Then, running toward the startled creature: “Let go my chicken, you bloody bestid!!!” (All in his Lithuanian accent.) He continued to hurl the broom and invectives at the poor raccoon. (Dad knew more curse words than I ever imagined!) No match for dad’s onslaught, the animal dropped the chicken, rapidly scaled the six-foot fence and fled off into the night.

The frightened chickens scattered. Rain running down my face, clothes drenched, I worked at getting my meandering darlings to locked-up safety. One was missing. “Here chick, chick,” I called, tossing food about trying to tempt her back. Hair matted, summer dress clinging, I finally gave up and retreated into the house.

Soaked, I finally retreated into the house

Soaked, I finally retreated into the house

Later loud chicken noises convinced me the missing bird had been the raccoon’s dinner after all. Oh, well….

As can happen in L.A., the next morning the sun shone brilliantly as we breakfasted. “Hey, isn’t that our

The next morning, the sun shone brilliantly

The next morning, the sun shone brilliantly

chicken coming down the hill?” Rafi asked, staring out the window, cereal spoon half-way to his mouth.

Indeed. Exhausted by its adventure, feathers and skin torn from its back, there was the weary chicken, painfully, slowly walking down the middle of the road. The children ran out to scoop it up gently in their arms. Our garage was quickly converted into a chicken hospital where the creature received special attention and care. The feathers never grew back, but that chicken (like my scarf, see Dec/13) was not yet ready to leave us and came home to roost!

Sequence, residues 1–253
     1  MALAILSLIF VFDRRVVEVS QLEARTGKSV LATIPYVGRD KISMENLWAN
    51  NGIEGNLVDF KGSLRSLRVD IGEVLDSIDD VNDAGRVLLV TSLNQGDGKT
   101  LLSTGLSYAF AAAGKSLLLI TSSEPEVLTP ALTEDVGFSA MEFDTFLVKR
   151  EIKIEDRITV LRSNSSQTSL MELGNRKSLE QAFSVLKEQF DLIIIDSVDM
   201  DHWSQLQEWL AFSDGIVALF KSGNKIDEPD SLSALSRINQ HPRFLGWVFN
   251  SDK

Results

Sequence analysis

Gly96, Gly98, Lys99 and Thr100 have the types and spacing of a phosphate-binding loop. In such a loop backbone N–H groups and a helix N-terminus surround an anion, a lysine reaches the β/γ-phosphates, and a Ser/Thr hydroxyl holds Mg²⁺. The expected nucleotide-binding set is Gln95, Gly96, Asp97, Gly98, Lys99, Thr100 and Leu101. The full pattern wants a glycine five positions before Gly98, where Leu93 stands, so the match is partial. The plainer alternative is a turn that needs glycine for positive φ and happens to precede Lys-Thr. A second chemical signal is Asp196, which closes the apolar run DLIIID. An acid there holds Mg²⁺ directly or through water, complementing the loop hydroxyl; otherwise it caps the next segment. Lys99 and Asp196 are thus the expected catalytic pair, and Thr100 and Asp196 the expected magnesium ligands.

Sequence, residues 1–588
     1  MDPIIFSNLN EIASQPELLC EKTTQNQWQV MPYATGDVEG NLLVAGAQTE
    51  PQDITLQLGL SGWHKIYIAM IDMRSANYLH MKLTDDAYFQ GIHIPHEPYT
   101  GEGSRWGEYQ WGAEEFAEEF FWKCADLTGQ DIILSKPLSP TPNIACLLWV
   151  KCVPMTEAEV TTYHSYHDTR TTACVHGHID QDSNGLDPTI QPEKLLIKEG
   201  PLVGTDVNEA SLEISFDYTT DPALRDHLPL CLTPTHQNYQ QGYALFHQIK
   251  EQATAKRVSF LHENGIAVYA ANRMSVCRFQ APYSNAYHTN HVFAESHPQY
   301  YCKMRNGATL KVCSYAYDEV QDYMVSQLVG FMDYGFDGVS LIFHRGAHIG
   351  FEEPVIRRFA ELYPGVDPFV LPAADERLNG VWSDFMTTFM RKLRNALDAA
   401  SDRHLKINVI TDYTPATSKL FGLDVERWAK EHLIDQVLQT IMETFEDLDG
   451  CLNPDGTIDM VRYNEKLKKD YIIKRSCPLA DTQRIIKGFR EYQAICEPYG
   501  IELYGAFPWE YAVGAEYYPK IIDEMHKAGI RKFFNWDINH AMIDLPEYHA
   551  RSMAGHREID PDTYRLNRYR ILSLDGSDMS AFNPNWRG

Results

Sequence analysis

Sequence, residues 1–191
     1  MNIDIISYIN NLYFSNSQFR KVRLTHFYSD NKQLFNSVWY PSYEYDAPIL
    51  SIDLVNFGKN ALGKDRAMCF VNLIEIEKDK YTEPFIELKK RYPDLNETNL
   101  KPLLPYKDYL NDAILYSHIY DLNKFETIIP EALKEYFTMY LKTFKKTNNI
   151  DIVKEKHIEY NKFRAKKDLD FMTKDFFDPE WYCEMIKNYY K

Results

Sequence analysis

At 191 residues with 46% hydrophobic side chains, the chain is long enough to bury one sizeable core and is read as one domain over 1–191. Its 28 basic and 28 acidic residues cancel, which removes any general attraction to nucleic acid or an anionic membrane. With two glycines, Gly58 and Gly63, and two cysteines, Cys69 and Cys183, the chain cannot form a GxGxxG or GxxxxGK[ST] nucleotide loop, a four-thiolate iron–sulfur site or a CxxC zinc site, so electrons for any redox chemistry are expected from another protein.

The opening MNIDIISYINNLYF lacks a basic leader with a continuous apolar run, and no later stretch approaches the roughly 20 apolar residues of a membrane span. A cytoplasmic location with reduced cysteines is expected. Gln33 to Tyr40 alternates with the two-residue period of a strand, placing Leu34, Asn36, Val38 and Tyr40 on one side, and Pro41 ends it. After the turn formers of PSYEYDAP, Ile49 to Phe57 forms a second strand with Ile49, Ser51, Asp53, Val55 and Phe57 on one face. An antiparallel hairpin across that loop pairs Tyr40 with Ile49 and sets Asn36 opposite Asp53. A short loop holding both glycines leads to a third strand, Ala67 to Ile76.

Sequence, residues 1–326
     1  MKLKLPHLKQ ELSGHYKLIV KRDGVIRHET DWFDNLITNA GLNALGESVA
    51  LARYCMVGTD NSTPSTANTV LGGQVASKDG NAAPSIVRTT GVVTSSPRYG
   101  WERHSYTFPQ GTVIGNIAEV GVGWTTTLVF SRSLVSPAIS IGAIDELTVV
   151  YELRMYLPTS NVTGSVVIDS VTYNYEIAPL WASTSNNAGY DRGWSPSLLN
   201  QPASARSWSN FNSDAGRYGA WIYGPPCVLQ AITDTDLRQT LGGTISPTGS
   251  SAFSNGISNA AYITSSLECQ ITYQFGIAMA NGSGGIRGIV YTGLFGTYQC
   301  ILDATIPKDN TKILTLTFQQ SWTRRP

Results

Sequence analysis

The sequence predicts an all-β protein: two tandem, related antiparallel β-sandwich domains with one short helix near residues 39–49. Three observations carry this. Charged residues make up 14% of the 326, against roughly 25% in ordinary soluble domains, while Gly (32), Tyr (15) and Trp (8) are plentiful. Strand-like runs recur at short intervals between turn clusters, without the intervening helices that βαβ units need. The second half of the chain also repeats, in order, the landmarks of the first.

We could not bear to eat our hens

We could not bear to eat our hens

P.S: And what happened to the chickens in the end. I think Susan, who was in charge of cleaning the chicken coop, woke up in tears one night. Chickens have lice. Who knew? Lice were crawling down her arms. We could not bear to eat our hens, so we gave them  away to someone who didn’t mind doing so.

4 thoughts on “Coming Home to Roost

  1. Muriel, your tale brought back memories of my childhood with chickens, growing up in the country. My brother and his wife and kids did the back to the land movement in the early 70’s, up in our home town of Clearwater (where my Dad and Mom started the North Thompson Times).
    They had chickens, and I remember killing them and then dipping them in boiling water to make their feathers easier to remove. And boy! Talk about Lice! Zoom, zoom, zoom! The lice all ran like crazy up to the very end of the chicken that we hadn’t removed feathers from!
    Poor Susan – I hope you guys didn’t have to turn your whole house upside down to get rid of them…

  2. Hi Mom,

    Ugh — I remember the lice far too well! I had cleaned the chicken coop that afternoon, but didn’t feel anything until I was trying to fall asleep that night. I felt something tiny moving across my forehead, then something on my arm. I jumped out of bed, turned on the light, and saw the little buggers using me as their own personal expressway, and there was one or two on my pillow, as well. AAAAAAHHHH! I went screaming into mom and dad’s room, where mom promptly figured out what must have happened. She told me to get in the shower and wash my hair with as hot of water as I could stand, several times. I guess she changed the bedding while I was in the shower, scrubbing myself raw.

    Fortunately, bird lice do not use humans as hosts — they are not the same as the lice kids get and pass around to each other. They were washed away, thank goodness, but man, that was seriously CREEPY, in both the literal and the figurative senses! To this day, I have resisted getting chickens, even though I now live in the country and would love the fresh eggs. Just can’t quite deal with the idea of the dang lice!

    Love ya,


Leave a Reply

Fill in your details below or click an icon to log in: Logo

You are commenting using your account. Log Out /  Change )

Twitter picture

You are commenting using your Twitter account. Log Out /  Change )

Facebook photo

You are commenting using your Facebook account. Log Out /  Change )

Connecting to %s